For some time, I practiced in juvenile court representing child victims, and in my jurisdiction, an assignment representing the accused parent was inevitable. The first time I represented an alleged abuser in a child abuse and neglect case, we met at my office where I heard about chaos, violence, and the children. I learned what it felt like for a family to be invaded, judged, and separated. I was angry. I saw bias and misunderstanding. I yelled. Later I cried. Why was this family torn apart by the system? I vowed to fight and not rest until this family was safely reunited. It never was.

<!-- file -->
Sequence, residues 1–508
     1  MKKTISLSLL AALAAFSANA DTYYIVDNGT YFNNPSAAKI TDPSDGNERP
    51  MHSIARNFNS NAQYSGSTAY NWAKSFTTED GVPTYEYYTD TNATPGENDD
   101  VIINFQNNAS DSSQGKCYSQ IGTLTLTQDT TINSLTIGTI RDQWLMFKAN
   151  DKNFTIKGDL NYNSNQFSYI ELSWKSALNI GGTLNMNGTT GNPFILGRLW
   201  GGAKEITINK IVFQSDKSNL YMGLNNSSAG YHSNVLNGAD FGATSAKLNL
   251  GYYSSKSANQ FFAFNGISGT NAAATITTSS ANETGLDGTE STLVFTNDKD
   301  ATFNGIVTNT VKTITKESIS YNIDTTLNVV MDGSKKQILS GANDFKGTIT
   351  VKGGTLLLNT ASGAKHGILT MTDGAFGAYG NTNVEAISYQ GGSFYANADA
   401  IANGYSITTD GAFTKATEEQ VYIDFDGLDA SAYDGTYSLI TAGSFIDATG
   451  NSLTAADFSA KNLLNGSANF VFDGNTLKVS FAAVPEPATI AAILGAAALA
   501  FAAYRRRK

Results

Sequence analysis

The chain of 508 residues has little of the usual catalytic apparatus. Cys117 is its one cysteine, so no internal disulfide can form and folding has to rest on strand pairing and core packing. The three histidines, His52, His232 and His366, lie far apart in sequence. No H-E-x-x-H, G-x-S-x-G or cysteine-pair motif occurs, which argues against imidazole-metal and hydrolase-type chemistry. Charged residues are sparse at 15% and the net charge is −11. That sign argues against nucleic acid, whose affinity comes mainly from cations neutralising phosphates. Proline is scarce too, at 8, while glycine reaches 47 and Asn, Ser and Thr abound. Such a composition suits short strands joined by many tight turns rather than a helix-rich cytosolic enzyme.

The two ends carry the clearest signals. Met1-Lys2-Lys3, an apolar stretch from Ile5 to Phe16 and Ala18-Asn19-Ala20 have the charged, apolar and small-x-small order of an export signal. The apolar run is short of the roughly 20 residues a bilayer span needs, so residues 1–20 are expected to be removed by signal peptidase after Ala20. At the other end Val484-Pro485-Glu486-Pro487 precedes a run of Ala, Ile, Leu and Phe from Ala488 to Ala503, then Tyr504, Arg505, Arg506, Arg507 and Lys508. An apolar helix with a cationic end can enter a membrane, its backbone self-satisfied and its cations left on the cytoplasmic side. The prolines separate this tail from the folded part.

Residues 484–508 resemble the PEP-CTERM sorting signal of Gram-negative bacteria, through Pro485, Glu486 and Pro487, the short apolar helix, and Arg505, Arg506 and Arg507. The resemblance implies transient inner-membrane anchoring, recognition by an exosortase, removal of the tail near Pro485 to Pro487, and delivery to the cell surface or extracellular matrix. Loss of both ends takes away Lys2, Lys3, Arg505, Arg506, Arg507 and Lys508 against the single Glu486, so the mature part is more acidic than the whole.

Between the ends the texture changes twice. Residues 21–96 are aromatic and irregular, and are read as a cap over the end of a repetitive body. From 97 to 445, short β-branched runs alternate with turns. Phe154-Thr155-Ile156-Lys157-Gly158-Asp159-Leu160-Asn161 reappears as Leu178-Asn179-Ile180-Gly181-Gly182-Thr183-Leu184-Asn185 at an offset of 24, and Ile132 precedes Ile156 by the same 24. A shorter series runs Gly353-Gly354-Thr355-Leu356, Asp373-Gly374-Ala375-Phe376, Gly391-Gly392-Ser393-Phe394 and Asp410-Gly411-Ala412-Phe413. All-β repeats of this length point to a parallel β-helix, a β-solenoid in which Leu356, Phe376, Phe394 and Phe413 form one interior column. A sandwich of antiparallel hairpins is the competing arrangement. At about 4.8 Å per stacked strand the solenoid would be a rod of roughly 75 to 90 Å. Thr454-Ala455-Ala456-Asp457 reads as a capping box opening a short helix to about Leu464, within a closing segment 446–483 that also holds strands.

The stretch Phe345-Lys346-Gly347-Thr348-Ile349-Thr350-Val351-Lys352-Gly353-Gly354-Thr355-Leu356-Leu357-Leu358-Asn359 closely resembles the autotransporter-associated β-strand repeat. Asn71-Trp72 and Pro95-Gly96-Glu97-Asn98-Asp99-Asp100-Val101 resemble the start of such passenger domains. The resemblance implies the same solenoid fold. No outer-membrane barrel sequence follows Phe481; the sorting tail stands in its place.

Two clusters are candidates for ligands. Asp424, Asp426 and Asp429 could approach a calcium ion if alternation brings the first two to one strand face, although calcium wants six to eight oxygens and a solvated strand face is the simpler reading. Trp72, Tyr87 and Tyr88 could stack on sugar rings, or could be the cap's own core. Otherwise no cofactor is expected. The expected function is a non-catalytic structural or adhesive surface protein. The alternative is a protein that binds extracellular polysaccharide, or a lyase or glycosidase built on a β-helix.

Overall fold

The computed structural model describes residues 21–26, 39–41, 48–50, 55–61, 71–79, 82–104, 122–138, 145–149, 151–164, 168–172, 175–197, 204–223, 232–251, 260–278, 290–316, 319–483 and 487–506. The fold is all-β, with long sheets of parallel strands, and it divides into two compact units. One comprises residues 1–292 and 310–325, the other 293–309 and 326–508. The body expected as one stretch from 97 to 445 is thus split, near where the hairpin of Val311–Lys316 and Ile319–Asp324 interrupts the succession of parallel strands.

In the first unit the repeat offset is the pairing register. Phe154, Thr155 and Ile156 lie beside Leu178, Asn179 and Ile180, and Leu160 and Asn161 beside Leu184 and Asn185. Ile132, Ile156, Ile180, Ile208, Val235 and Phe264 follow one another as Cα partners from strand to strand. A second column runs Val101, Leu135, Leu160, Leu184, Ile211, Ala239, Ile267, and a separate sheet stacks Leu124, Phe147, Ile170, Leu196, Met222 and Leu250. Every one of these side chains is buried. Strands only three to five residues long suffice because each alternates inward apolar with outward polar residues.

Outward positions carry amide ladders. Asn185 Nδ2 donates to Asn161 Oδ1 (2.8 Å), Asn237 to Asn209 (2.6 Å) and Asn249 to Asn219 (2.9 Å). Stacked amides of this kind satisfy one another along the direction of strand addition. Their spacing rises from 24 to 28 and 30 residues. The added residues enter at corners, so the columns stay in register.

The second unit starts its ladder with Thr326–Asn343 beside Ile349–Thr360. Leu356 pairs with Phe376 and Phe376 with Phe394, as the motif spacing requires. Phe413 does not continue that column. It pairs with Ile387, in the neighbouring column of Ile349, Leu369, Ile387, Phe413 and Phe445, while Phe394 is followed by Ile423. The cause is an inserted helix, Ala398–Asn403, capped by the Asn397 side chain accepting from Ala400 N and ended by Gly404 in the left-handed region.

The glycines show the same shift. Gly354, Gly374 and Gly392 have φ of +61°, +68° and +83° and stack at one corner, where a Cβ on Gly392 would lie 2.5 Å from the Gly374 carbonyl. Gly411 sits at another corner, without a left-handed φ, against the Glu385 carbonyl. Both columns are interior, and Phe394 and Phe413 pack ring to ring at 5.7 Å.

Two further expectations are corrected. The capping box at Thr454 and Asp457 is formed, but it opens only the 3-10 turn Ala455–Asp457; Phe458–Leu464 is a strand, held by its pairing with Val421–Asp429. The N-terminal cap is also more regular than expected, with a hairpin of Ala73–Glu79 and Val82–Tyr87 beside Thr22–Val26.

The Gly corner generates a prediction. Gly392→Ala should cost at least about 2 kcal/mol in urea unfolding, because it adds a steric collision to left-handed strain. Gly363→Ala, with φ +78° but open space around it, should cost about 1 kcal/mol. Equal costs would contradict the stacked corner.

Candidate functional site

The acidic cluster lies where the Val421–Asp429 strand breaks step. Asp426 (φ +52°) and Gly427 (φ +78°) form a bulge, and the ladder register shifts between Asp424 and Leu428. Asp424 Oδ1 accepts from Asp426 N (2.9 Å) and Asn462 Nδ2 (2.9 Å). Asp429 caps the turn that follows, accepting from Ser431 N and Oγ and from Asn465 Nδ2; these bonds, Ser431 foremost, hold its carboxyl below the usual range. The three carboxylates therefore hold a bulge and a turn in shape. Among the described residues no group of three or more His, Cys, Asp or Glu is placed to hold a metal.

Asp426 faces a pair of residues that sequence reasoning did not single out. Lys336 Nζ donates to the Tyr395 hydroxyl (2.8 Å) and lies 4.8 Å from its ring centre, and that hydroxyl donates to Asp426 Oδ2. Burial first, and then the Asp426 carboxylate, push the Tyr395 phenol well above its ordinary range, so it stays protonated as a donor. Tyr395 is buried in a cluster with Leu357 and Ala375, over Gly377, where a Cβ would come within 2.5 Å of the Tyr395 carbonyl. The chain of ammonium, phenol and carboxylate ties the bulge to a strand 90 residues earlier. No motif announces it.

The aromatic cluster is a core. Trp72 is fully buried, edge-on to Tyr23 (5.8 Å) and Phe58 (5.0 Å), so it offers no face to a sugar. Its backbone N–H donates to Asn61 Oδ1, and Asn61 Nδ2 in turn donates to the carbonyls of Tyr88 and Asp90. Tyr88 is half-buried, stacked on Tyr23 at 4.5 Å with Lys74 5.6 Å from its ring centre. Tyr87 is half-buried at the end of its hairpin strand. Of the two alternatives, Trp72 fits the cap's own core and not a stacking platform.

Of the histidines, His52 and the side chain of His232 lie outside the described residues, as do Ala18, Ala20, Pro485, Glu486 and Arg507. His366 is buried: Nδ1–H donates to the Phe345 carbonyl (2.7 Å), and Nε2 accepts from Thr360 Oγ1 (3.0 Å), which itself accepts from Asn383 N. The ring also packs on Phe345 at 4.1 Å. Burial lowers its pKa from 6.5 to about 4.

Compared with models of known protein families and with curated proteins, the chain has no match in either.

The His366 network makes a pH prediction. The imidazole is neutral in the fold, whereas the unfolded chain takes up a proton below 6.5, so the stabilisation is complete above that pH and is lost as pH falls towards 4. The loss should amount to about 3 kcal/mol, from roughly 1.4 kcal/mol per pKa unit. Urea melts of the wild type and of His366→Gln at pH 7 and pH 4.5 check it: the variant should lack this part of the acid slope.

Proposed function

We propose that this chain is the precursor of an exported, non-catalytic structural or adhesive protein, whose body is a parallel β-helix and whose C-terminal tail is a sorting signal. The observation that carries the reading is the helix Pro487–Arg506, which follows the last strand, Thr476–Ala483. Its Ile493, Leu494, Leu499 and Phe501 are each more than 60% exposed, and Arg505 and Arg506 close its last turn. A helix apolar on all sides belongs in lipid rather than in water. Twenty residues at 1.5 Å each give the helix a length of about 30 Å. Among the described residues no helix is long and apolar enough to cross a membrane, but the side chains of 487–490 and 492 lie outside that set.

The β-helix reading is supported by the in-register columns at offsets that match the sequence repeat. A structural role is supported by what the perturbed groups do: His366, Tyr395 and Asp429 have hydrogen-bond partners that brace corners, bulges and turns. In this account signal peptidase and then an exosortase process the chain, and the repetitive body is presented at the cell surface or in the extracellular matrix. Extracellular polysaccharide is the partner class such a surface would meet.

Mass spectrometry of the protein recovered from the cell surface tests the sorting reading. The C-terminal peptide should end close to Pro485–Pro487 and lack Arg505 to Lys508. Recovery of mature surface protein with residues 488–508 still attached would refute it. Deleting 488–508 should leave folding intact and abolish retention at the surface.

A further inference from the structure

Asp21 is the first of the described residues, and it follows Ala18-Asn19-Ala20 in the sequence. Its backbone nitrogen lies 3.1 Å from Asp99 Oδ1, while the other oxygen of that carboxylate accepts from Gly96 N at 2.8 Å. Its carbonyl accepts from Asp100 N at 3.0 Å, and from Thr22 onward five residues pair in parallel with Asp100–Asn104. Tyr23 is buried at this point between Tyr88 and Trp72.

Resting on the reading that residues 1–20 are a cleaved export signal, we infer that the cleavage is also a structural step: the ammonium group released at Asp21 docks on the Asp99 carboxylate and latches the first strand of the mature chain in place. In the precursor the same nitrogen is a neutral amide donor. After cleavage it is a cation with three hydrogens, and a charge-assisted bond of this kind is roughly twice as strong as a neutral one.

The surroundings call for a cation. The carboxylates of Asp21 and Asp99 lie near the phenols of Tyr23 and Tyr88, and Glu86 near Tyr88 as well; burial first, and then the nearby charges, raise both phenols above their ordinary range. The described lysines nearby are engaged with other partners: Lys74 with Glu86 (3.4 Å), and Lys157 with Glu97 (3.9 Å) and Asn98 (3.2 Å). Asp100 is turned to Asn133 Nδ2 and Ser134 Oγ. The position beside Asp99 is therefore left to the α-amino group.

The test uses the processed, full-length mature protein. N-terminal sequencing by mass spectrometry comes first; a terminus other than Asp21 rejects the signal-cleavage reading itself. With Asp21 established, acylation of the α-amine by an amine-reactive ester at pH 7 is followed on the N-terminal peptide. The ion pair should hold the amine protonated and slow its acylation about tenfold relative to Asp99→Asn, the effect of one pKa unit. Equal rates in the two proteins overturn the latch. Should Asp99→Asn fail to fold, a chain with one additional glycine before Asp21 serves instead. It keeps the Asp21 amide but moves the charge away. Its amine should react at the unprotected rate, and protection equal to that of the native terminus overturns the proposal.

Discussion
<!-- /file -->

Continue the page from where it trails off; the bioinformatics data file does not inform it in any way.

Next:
Despite my empathy and the best of intentions for my client and the family, I failed to do something essential in that initial meeting. I missed a crucial step that could have prevented needless court battles and avoided many sleepless nights. I failed to listen. Instead of patiently allowing the client to explain the whole story and determine the goals, I let my emotions fuel personal outrage. When I decided to fight, I actually stopped listening to the client’s story. As a result, it took me years to realize that this client did not really want the family reunited.